There is no full history of the MGC, most papers were lost in a devastating fire in 1935, and then soldier's papers were further depleted in the Blitz. The MGC has been jinxed as regards records. A group of OCA members are currently trying to right this wrong. They are researching and hope in due course write a History of the Corps. If you can offer help or own MGC related material, which is unlikely to be held elsewhere, the History Group will be pleased to hear from you, I will forward any emails or correspondence.
We have a Grave and Memorial Photographic Project that will be on going for years to come. As a way of ensuring that the men of the MGC are not forgotten, we are photographing each individual headstone and memorial. Our Project Officer would be very pleased to receive any photographs you may have of individual gravestones and will also provide listings of headstones we do not have photographed in particular cemeteries. Contact him via the main OCA email address. We have over 5,500 individual graves photographed so far. All those individual acts of Remembrance for our men, I am certainly proud of the work we have done with much of it down to a handful of enthusiastic members. Recently we were delighted to receive photographs of MGC men's graves in East Africa.
Most of the graves in the main cemeteries on the Somme and around Ypres have been photographed, if you are going on holiday to areas other than the Western Front, please contact us for a list of graves to be photographed.
I would be delighted to hear from anyone wishing to sponsor an OCA event or make a donation. If your relative served with the Corps, making a donation will help ensure he is not forgotten. Services of Remembrance are especially expensive but we always hold them. Please help us continue to do so.
My personal interest came about because my grandfather was killed in April 1918 while with 57 Bn. I became a member of the OCA quite by chance in '93, I had never joined any association in my life before. But I found the Honorary Secretary, Joe Cozens, extremely welcoming and the members I met so friendly, that I kept subscribing and when Joe decided he wanted to retire and no-one knowledgeable came forward to do the job, I decided to give the work a try. I'm still not that knowledgeable but try to be a reasonable administrator. (Although I am often behind with mail so don't think you are being ignored, it may take a couple of months to hear from me sometimes. I would ask you NOT to write to me if at all possible. For a quick response email or better still, telephone. I am in the phone book.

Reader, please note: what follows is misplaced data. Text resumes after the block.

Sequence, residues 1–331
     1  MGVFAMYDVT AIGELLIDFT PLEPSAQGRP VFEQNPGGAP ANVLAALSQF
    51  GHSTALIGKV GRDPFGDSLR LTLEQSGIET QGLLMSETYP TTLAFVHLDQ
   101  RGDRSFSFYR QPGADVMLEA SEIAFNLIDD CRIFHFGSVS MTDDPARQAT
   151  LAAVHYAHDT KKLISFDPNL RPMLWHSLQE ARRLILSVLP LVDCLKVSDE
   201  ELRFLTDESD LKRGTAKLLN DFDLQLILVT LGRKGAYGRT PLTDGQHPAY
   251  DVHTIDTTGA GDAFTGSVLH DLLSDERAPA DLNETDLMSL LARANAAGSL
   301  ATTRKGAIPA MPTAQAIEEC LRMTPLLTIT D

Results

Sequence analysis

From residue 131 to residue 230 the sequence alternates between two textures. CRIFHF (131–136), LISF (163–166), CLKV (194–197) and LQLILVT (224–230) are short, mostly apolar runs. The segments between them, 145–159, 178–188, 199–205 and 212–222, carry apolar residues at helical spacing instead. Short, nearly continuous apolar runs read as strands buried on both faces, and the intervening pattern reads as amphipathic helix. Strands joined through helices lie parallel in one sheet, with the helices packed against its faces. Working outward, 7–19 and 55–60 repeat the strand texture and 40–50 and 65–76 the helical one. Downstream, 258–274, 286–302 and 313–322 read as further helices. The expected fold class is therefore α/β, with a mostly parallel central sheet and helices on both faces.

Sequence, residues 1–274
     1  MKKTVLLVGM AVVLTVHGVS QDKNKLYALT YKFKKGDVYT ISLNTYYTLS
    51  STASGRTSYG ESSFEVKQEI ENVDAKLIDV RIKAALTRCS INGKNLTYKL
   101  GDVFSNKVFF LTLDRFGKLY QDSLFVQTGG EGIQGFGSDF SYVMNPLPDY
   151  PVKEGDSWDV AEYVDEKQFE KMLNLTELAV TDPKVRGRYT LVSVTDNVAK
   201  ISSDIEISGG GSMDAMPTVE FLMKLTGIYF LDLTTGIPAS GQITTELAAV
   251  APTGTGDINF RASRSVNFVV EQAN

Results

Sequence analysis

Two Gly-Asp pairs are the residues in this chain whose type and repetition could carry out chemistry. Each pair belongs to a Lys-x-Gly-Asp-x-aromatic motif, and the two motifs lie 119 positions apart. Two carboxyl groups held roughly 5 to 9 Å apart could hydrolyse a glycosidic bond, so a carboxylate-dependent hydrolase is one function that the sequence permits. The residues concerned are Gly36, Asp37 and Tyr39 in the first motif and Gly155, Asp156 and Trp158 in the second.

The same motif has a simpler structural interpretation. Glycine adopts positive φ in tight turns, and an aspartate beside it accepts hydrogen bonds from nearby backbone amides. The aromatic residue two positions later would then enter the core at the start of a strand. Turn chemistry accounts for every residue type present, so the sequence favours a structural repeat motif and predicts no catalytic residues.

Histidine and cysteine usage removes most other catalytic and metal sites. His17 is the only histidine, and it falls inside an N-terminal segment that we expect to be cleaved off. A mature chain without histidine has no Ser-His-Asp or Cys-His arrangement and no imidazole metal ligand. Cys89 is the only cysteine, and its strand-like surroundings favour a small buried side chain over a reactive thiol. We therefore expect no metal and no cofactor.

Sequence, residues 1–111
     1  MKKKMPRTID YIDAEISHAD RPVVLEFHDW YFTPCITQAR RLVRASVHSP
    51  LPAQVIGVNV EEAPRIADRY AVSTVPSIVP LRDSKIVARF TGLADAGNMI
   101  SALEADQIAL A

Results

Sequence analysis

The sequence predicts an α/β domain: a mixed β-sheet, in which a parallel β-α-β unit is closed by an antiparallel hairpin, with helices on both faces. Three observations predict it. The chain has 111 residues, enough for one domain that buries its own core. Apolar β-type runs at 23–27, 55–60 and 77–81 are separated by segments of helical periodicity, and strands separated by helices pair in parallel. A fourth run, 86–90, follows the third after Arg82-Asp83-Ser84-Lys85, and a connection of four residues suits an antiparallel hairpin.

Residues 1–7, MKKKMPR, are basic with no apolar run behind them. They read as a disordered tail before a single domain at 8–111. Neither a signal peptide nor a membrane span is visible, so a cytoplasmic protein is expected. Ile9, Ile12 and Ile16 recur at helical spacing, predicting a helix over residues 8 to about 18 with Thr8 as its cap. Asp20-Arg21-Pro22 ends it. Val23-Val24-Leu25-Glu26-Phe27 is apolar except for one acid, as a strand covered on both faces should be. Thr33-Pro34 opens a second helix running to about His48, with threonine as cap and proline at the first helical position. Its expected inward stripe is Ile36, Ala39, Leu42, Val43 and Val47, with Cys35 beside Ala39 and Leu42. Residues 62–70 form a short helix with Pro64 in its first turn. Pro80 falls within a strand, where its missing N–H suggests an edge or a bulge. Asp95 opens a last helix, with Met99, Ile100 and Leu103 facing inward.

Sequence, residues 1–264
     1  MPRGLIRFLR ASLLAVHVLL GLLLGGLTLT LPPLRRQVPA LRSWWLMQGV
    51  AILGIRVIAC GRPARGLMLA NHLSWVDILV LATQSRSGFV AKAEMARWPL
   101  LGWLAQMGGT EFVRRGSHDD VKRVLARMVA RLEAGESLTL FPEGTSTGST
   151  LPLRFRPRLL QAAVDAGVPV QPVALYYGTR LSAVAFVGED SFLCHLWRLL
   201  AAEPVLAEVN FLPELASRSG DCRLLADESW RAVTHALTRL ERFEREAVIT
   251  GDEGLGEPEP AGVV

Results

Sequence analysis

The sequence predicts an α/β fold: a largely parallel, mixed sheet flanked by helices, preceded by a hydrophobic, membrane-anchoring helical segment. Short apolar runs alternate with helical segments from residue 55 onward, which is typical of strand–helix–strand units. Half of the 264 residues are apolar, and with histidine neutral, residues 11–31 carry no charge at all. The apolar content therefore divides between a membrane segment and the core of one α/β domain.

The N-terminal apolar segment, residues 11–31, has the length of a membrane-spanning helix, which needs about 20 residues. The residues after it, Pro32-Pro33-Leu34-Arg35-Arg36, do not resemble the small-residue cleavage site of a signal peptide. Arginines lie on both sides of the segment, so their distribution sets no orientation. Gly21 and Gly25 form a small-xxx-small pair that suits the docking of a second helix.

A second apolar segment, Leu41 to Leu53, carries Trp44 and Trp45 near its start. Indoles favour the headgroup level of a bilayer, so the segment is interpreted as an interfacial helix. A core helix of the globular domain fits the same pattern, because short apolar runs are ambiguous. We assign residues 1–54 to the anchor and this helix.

The OCA is too special to allow to wither and the men who fought with the Corps deserve to be actively remembered. Encouraging young people to be interested in the Corps and indeed WW1 is vital. If you know of any young people who might be interested, perhaps due to a family connection or because they are studying WW1 for their GCSE's, do tell them about us, or better still, treat them to a Junior membership.
MGC men generally enlisted into another regiment. Families often know that 'Grandad was in the Welsh' or Somerset LI or the Northumberland Fusiliers, but they don't know that he then transferred to the MGC, so we lose out on many possible members.
Those wishing to have help with research often contact us, please go to our website and read the appropriate page. Due to the enormous number of enquiries, we now make a small charge for help and advice. I was swamped with requests for advice but rarely were any donations made even for postage hence the decision to make the £5 charge. One of our members has a fantastic database of MGC men which he will check if you have made a donation to the MGC/OCA. You will have 1:4 chance of a 'hit'. He has over 50,000 men listed and all those who received honours and awards. We give our time for love and the donation goes entirely to the MGC/OCA. You may find other offers of help and advice which may be of quality but payment will be to individuals not the Association.
Donations of Memorabilia - medals, photos, documents, uniforms, ephemera. No individual member will own any gifts. We are always pleased to be given such items and rest assured that we treasure them. We have a security box at a bank. There are checks and balances to ensure such gifts are logged and a record kept. We have an Inventory Officer.
There is also a Data Officer who logs all information on individual soldiers as received by us and an Archive Officer who holds all archive material which we feel is of interest.
Now you know that the Machine Gun Corps Old Comrades' Association still exists and thrives, do join and tell others to do so too.
Yours In Friendship,
You may be interested to know that the MGC/OCA has its own website, which can be found at:- www.machineguncorps.co.uk
For a direct link to the author of this article, email Judith Lappin
Copyright © Judith Lappin, December, July, 2007.